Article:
How Japanese Are Entertained Through Puppetry Essay

Length: 2 pages Subject: Music Type: Essay Paper: #21522557 Related Topics: Musical Theatre, Japan, Theater, Costumes
Excerpt from Essay :

¶ … Impression

The wonderful combination of beautiful, almost life-like Japanese puppets with traditional music makes this film quite musical, along with theater. The puppets used in the film, and seen throughout about 400 years of traditions, are not puppets as Americans would think of as puppets. They do not dangle from strings, and there is no one with a hand inside the puppet to make it move, the way children are entertained at typical American puppet shows.

These are beautiful doll-like figures, moving at the command of the performer holding the puppet. Watching a show at the Bunraku Theater in Osaka (which begins with someone clapping two wooden instruments together as the curtain opens) a viewer notes that the narrator sits next to a man playing a long banjo-like instrument which is called a shamisen (it has a long neck and three strings).

The film's narrator explains that there are three kinds of shamisen instruments. One has a thick neck, one a medium size neck and one with a thin neck. On the thin necked shamisen the sound is quite high, and it gets lower with each level of thickness.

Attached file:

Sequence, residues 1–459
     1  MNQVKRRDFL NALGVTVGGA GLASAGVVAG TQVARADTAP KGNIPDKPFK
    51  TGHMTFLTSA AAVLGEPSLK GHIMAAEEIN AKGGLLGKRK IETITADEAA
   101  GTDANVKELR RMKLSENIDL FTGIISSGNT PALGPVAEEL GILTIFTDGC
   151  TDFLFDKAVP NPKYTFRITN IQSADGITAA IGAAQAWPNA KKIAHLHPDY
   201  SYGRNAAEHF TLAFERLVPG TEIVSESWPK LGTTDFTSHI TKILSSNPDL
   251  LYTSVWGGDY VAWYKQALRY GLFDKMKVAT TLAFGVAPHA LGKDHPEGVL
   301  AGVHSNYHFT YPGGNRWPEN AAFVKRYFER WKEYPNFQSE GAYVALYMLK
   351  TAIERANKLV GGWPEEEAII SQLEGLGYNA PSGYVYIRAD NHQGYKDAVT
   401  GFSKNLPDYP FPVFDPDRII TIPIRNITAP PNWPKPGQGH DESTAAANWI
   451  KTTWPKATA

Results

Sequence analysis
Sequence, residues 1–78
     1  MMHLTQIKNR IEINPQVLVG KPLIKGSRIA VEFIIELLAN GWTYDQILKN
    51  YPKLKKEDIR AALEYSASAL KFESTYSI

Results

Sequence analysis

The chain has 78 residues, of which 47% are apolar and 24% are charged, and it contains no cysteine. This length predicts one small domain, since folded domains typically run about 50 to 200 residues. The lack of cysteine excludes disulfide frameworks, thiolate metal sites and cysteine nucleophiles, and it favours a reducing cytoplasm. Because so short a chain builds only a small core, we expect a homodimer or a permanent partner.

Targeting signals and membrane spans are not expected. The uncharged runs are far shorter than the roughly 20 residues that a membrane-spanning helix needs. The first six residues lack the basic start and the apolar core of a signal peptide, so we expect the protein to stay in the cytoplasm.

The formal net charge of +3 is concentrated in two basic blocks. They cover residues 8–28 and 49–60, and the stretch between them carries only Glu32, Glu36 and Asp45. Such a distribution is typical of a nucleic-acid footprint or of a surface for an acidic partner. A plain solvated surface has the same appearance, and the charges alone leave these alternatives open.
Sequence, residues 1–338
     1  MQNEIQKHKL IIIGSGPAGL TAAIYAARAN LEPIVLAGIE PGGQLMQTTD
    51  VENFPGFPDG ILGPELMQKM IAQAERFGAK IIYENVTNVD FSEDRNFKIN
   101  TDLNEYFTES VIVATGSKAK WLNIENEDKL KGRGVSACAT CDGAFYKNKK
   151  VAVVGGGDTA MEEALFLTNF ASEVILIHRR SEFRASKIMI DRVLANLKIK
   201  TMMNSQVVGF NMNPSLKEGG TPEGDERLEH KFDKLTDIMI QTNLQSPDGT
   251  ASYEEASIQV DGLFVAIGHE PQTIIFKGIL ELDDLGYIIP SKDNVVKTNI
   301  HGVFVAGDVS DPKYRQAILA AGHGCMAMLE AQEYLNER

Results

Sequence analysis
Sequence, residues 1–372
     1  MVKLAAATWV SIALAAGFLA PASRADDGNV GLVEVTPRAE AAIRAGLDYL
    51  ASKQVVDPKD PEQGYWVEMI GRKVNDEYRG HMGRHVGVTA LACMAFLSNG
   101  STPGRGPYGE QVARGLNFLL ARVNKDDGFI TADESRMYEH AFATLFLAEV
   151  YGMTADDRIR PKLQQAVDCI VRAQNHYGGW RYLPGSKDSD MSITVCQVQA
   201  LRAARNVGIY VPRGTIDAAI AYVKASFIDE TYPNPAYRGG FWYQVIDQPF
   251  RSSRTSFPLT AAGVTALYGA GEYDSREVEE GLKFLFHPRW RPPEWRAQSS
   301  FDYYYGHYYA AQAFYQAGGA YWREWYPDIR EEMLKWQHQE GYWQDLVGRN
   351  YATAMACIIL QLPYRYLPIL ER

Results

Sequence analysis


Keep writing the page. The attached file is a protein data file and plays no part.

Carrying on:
The narrator holds the script up to his forehead in a show of respect. It is interesting that the narrator sings (and speaks in a high voice) all the lines for the actors holding the puppets on the stage.

The unique presentation features three men with each puppet; the man holding the puppet moves it around, synchronized with the song being sung and the drum being beaten. He operates the head and the right arm. The other two puppeteers (with black hoods over their heads) operate the legs...

...

The swaying and other movements by the puppet keep the audience (a full house) riveted on the puppet, with painted face in ancient Japanese traditional style.

Every now and then the narrator screams, his voice matching the action of a puppet. The play takes an entire day to perform, but it is broken up into acts. In the background while the narrator is singing / wailing / screeching is the sound of the shamisen. Unless the film viewer speaks or understands Japanese language, the play cannot be fully understood. But the intricate heads that are backstage, with over 100 wigs available, shows the film viewer how serious this puppet theater is about creating plays with every conceivable expression and every emotion familiar to Japanese people available on display with the puppets.

The film narrator says there are about 30 different kinds of male heads, and about ten female heads. These heads have faces with every imaginable expression, so they are interchangeable and can be substituted depending on what kind of character the play calls for. The faces can change without changing the head, too; the film shows how a woman's face on a particular head suddenly becomes a demon-like face, due to the puppeteer pulling a string or tripping a level behind the head.

One head even splits in two, when hit by a sword; so there is violence associated with these cultural puppet shows. These are not necessarily stock heads. They get painted before…

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